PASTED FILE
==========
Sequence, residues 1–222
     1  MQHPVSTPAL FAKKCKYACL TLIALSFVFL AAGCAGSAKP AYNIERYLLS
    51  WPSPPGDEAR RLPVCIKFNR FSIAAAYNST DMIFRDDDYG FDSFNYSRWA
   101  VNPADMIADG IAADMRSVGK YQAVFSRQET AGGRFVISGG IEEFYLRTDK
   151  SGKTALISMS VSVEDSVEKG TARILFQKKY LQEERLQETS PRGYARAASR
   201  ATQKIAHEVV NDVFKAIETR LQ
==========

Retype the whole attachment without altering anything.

Sequence, residues 1–222
     1  MQHPVSTPAL FAKKCKYACL TLIALSFVFL AAGCAGSAKP AYNIERYLLS
    51  WPSPPGDEAR RLPVCIKFNR FSIAAAYNST DMIFRDDDYG FDSFNYSRWA
   101  VNPADMIADG IAADMRSVGK YQAVFSRQET AGGRFVISGG IEEFYLRTDK
   151  SGKTALISMS VSVEDSVEKG TARILFQKKY LQEERLQETS PRGYARAASR
   201  ATQKIAHEVV NDVFKAIETR LQ